1. Schizoid & Guntrip (2:46)
2. In the Movie of You (7:57)
3. Devotee (7:24)
4. Ambiance for the Active Mind (6:40)
5. Fantastic Dreamer (6:26)
6. Releasing (5:21)
7. Fading in the Rain (6:29)
8. Upon Further Review (4:26)
9. Vision (13:50)
Henry Tarnecky – vocals, keyboards
Blake Tobias – keyboards, bass
Jack Wright – guitars, drums
Glenn Arpino – keyboards
Tom Shiben – bass
Nicole Tarnecky – vocals
Temporal Chaos Project (TCP for short) are a trio based in different states of north-eastern USA, who initially met on the Internet and started a collaboration that resulted in the album The Way, released in 2009. Their second album, Fantastic Dreamer, followed in April 2011, with the core group of Henry Tarnecky, Blake Tobias and Jack Wright augmented by three guest musicians. Both albums were released on Georgia-based label 10T Records, one of the most interesting independent labels for progressive rock.
In spite of their name, there is nothing chaotic about TCP. Fantastic Dreamer, which has garnered a lot of positive critical attention since its release, is one of those albums for which the definition ‘solid’ seems to be tailor-made. Though studio-only projects can often be hit-and-miss, formally perfect but somewhat lacking in the soul department – therefore producing an overall unsatisfactory impression – TCP’s sophomore effort comes across as a mature, well-balanced album, with excellent instrumental performances, enough compositional complexity to appeal to fans of traditional prog, and more than just a smattering of contemporary flair. While some bands or artists show a more or less clear direction (as in symphonic, neo or prog-metal), TCP are unabashedly eclectic, with roots in the great progressive tradition and some recognizable classic influences, yet no fear of dipping their collective toes in more modern waters. While TCP’s eclecticism is of a different kind than the one displayed by bands of a more innovative disposition, the end result is definitely worthy of attention.
Running at about one hour (in my opinion, the almost perfect length), Fantastic Dreamer features 10 tracks, most of them between 2 and 8 minutes, with the exception of the ‘epic’ “Visions”, an ambitious yet cohesive piece that wraps up the album in fitting fashion.. Though, like many modern prog albums, Fantastic Dreamer is very much vocal-based, TCP achieve admirable balance between the singing and the lush, varied instrumental sections. Keyboardist Henry Tarnecky is in charge of the vocals, and does a fine job of it. His voice brings to mind the husky, slightly rough around the edges tone of Peter Gabriel, with some hints of the dramatic power of Peter Hammill or Fish, and fits the material perfectly.
Though clocking in at under 3 minutes, opener “Schizoid & Guntrip” already sets the tone for the whole album – a melodic yet assertive number, evoking a vintage hard rock vibe, with a subtly catchy quality and sleek instrumental interplay. “In the Movie of You” blends suggestions of early Pink Floyd (down to the use of recorded ambient sounds) with heavier tones, the sharpness of the guitar tempered by the gentleness of the piano. Pink Floyd references also crop up in the aptly-titled “Ambiance for the Active Mind”, where the atmospheric surge of the keyboards climaxes in dramatic rifferama before loosening up in a lovely guitar solo amidst waves of mellotron; while the mid-paced “Releasing”, with the faintly eerie tone of the guitar solo, points rather to the later output of the seminal English band. The catchiest number on the album, “Devotee” pushes keyboards and vocals to the forefront, with plenty of drama and melody in the vein of crossover/art rock bands like Queen or Supertramp.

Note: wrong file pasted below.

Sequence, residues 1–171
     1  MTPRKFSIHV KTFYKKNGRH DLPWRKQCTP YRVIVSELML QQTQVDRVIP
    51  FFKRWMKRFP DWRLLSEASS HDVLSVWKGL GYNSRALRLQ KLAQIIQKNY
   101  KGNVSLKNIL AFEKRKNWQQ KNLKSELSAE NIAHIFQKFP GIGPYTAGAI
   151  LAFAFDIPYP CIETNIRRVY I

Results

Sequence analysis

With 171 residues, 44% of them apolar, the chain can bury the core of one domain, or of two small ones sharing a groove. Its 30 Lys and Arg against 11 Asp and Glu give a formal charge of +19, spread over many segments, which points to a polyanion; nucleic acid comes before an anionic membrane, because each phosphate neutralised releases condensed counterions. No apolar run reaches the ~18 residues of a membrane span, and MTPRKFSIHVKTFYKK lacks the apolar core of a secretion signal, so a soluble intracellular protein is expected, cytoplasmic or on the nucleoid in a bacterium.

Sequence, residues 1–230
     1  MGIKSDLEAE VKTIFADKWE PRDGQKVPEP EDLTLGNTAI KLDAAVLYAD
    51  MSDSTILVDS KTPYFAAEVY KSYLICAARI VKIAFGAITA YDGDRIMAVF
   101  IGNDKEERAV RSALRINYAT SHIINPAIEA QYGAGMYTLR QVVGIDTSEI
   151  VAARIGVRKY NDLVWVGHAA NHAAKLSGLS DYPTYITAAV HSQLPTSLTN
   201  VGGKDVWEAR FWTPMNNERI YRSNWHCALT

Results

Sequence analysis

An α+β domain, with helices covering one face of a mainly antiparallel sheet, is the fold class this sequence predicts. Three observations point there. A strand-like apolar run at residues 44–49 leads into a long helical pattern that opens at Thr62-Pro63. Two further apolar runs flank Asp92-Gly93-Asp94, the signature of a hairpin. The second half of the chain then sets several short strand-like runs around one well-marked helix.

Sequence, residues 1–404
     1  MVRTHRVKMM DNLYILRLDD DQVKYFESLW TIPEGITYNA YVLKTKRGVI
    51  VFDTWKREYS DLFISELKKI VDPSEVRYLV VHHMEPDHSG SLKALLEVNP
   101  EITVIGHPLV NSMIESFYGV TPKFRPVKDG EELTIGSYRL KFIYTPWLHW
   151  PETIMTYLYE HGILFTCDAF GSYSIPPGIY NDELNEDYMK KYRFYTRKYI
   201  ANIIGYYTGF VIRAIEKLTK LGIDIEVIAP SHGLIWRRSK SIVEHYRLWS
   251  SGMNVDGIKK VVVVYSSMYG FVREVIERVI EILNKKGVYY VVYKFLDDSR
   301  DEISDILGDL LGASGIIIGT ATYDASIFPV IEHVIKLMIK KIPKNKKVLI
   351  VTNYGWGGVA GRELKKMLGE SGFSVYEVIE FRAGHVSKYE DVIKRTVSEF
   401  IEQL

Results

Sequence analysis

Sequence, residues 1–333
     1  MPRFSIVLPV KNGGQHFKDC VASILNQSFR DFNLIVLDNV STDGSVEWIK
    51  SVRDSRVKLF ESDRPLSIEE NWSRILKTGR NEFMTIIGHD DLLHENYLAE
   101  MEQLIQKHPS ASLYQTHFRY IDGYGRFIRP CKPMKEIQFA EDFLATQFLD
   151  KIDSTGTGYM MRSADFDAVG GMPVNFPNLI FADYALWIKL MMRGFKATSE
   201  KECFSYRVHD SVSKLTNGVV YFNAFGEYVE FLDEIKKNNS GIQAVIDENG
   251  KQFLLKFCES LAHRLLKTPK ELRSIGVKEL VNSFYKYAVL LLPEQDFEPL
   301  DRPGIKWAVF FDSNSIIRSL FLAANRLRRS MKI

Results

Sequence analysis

With the title-track and “Fading in the Rain”, TCP tread similar territory, displaying their grandiose, even bombastic side, though without overdoing things; the latter song in particular, in which Tarnecky is assisted by a female guest vocalist, Nicole Tarnecky, clearly references Genesis, with airy guitar soloing and masses of stately keyboards. The folksy, mainly acoustic “Upon Further Review”, embellished by harpsichord and Mellotron, acts as an introduction of sorts to the 13-minute “Visions”, a powerful keyboard-driven extravaganza composed by guest musician Glenn Arpino, in which a climactic crescendo somewhat reminiscent of Supertramp’s more ambitious pieces is bookended by rarefied, understated passages and fluidly melodic guitar leads.
While I would not go as far as to call Fantastic Dreamer a masterpiece (as other enthusiastic reviewers have done), it is undoubtedly a very well-crafted album, with all-round excellent performances, and an interesting compositional structure. The occasional bouts of heaviness do not disrupt the melodic, nicely knit fabric of the music, and Henry Tarnecky’s expressive vocals tackle the often ambitious lyrical matter with assurance and aplomb. The very detailed CD booklet, enhanced by striking artwork and photography, adds visual interest to a substantial musical package. Even if TCP are, at least for the time being, a studio-based project, I hope they will consider taking their music on the road in the near future, because they sound like a band worth hearing in a live setting.